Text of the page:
Signup to receive email updates

or follow our RSS feed

follow our RSS feed

Blog Banner

Simply Nutritious, Quick and Delicious

Jenna Smith, Extension Educator brings you helpful tips to make meals easy, healthy and tasty!
sample nutrition facts formatted label

Are You Able to Read the Food Label?

Posted by Jenna Smith -

Let's face it. Food labels are confusing. We're all told to turn that food package over and look at the label, but many times we just don't know what we are looking for. We know we're supposed to "watch" our fat or "watch" our sodium as our doctor has directed, but what does that really mean anyway? Am I supposed to stare at this fatty double bacon cheeseburger and make sure it doesn't move?

Reading food labels is important, but you have to know what you are looking for in order for it to be an effective way to choose healthier foods. The first thing you should always look at is the serving size. The nutrients listed below are based on that serving size. So if the serving size is 1 cup and the calories are listed as 150, but you decide to eat 2 cups, then you must double the calories and the rest of the nutrient content that is listed. So really you consumed 300 calories and not 150. When comparing food labels, it's always good to look at the serving size first, and see if they are the same. The comparison must be a fair one!

What about that percentage that is shown on the right hand side of the Nutrition Facts label? That is the percent daily value, which is based on a 2,000 calorie diet (a general estimate to what most people need each day to maintain their weight and nutritional status). But in order for this to be much help you need to know the 5 and 20 rule. If the percent daily value is 5% or below for that nutrient, it's low. (That's a good thing when looking at total fat, cholesterol and sodium, but not so good if you're looking at dietary fiber, protein, or vitamins and minerals). If the percent daily value is 20% or more for that nutrient, it's high. (So the opposite is true: That's a good thing if looking at dietary fiber, protein, or vitamins and minerals, but not when looking at total fat, cholesterol and sodium).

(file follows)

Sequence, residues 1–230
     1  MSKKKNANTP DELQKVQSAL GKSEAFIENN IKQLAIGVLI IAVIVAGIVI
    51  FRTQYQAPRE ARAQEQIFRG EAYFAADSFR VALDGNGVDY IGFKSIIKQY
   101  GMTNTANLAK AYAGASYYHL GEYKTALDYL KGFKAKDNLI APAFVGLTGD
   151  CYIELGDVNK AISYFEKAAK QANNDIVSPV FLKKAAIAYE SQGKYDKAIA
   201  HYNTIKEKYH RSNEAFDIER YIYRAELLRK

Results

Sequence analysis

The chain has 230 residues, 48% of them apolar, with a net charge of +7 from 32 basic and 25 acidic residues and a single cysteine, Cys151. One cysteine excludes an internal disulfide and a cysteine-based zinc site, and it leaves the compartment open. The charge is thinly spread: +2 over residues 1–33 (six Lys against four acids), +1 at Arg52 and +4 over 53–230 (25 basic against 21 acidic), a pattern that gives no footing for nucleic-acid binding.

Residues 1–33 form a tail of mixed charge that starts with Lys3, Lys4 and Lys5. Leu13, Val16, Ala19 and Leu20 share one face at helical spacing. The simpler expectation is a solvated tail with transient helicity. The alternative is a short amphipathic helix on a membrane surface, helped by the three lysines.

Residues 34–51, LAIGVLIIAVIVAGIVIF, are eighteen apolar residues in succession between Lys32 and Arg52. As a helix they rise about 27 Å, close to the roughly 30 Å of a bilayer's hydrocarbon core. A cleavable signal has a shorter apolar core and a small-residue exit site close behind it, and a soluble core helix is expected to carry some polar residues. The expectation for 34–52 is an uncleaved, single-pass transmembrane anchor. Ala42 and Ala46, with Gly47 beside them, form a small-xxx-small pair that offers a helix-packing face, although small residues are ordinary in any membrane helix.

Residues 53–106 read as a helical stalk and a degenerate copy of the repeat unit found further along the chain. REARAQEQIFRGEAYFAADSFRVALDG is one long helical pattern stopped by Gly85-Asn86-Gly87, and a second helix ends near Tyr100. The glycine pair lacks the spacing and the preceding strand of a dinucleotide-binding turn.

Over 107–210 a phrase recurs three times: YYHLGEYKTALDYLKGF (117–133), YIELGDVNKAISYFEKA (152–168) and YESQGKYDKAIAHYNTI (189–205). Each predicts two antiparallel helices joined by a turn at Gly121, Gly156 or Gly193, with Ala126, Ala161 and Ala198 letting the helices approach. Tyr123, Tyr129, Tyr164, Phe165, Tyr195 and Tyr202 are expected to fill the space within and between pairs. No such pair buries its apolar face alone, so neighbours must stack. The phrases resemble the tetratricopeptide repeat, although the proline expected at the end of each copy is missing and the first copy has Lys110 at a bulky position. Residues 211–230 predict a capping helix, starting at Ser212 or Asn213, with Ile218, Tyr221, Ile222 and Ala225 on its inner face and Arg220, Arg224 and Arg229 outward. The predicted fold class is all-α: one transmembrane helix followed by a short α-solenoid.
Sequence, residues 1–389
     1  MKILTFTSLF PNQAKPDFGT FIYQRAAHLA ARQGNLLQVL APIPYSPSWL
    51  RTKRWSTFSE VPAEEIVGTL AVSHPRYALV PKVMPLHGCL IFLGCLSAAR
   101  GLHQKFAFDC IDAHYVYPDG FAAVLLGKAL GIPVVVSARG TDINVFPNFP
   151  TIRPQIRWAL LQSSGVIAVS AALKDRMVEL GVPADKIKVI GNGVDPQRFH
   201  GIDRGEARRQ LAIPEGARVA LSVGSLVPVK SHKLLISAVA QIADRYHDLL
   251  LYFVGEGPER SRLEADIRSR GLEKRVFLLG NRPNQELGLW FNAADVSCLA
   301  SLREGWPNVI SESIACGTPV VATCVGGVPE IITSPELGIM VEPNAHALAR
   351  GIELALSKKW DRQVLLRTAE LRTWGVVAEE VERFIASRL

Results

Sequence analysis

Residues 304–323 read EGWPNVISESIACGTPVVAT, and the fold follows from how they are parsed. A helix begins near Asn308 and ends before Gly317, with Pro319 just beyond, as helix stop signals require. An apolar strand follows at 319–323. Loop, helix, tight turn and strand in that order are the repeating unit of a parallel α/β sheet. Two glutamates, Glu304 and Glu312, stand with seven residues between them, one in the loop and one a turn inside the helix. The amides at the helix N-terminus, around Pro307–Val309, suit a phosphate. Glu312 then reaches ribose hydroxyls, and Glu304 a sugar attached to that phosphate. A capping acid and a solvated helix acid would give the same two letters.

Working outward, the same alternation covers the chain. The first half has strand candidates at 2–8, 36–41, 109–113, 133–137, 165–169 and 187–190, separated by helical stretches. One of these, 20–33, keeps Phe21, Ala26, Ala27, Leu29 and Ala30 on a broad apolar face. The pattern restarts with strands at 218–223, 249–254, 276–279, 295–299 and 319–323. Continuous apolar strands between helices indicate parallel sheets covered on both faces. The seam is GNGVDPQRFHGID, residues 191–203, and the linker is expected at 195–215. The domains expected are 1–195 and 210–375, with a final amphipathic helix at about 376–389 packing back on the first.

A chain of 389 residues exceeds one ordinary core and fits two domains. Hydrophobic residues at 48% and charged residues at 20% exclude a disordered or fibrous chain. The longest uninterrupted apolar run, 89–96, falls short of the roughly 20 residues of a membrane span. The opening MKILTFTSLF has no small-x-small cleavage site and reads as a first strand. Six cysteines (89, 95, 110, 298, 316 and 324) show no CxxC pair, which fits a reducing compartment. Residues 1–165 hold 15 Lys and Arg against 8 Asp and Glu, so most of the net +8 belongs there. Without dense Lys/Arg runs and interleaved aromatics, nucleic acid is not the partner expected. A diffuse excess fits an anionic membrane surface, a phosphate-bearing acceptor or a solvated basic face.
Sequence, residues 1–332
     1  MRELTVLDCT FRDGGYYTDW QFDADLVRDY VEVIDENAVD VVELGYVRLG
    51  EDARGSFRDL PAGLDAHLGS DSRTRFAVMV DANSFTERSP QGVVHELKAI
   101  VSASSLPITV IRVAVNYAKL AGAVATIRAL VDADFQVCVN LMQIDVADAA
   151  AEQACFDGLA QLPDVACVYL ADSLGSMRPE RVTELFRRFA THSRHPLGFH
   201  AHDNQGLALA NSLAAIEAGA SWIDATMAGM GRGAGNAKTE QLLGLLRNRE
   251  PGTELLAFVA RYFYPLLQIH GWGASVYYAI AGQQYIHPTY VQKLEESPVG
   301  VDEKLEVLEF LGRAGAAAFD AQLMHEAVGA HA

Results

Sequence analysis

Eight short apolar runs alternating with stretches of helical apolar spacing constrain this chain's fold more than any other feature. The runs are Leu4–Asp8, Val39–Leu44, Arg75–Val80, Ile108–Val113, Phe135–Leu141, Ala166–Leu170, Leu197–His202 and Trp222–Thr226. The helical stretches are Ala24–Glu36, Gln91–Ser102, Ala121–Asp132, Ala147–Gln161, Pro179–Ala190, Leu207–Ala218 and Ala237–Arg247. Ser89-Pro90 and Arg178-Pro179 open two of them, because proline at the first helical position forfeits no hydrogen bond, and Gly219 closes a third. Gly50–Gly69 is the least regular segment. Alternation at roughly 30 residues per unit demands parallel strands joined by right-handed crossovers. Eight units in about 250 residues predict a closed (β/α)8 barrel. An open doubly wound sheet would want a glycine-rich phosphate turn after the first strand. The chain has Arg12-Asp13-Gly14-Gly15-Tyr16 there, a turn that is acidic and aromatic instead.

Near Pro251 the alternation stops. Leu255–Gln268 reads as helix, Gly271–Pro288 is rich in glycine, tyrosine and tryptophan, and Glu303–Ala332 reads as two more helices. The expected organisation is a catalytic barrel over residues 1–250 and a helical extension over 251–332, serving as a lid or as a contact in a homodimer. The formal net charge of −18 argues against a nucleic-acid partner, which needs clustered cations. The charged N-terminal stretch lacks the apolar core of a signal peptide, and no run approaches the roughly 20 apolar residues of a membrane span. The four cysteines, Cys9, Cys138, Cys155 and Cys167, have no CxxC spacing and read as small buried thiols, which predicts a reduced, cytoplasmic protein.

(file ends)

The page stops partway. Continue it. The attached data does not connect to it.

There is so much more about food labels that I could write about. But maybe that's for a different cold winter day of blogging! In the meantime, you can begin by comparing the serving size and the percent daily value using the 5 and 20 rule.

Autumn Acorn Squash Printable PDF

2 medium acorn squash

2 cups sliced tart apples

2 Tablespoons trans fat free margarine

¼ cup sugar-free maple syrup

1 teaspoon cinnamon

  1. Preheat oven to 350°F.
  2. Cut each squash in half, top to bottom; remove pulp.
  3. Place cut side down in a greased shallow baking pan and bake for 35 minutes.
  4. Combine apple, margarine, maple syrup and cinnamon in a medium bowl.
  5. Fill the center of each squash half with the apple mixture.
  6. Continue baking for an additional 25 minutes or until squash is tender.

Yield: 4 squash halves

Nutritional analysis per one squash half: 170 calories, 6 grams fat, 0 milligrams cholesterol, 55 milligrams sodium, 33 grams carbohydrate, 5 grams dietary fiber, 2 grams protein


Please share this article with your friends!
Share on Facebook Tweet on Twitter Pin on Pinterest


Email will not display publicly, it is used only for validating comment